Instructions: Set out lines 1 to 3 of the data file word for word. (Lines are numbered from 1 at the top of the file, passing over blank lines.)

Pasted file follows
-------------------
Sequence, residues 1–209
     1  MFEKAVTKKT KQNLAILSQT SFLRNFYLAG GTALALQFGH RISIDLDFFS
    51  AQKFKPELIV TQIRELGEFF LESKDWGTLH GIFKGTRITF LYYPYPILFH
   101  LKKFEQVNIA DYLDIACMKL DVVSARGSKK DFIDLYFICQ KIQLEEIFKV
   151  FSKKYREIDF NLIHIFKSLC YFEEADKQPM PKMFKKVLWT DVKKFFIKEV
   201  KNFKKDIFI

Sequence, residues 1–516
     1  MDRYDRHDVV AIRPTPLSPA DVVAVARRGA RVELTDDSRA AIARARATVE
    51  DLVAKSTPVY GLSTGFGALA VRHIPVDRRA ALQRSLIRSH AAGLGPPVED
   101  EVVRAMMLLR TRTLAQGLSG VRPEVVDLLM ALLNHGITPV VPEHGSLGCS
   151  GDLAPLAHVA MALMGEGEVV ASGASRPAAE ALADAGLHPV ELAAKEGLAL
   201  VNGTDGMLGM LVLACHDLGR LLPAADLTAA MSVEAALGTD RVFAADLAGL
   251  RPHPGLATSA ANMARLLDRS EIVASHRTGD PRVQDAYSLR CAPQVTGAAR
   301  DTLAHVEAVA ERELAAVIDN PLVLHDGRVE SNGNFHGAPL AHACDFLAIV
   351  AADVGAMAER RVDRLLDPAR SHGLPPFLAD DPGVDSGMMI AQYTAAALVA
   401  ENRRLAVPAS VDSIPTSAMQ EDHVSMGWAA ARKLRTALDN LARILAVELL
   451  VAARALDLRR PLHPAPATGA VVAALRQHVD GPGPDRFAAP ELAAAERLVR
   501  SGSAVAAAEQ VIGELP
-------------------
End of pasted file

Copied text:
Sequence, residues 1–209
     1  MFEKAVTKKT KQNLAILSQT SFLRNFYLAG GTALALQFGH RISIDLDFFS
    51  AQKFKPELIV TQIRELGEFF LESKDWGTLH GIFKGTRITF LYYPYPILFH